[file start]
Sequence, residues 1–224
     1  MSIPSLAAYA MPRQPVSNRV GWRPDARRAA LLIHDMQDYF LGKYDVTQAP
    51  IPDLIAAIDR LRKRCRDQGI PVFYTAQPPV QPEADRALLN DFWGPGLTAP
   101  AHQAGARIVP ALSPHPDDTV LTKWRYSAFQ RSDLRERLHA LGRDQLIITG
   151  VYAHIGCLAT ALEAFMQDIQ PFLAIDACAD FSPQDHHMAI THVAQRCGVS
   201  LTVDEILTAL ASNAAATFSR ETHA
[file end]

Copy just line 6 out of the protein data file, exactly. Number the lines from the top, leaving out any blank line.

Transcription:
   201  LTVDEILTAL ASNAAATFSR ETHA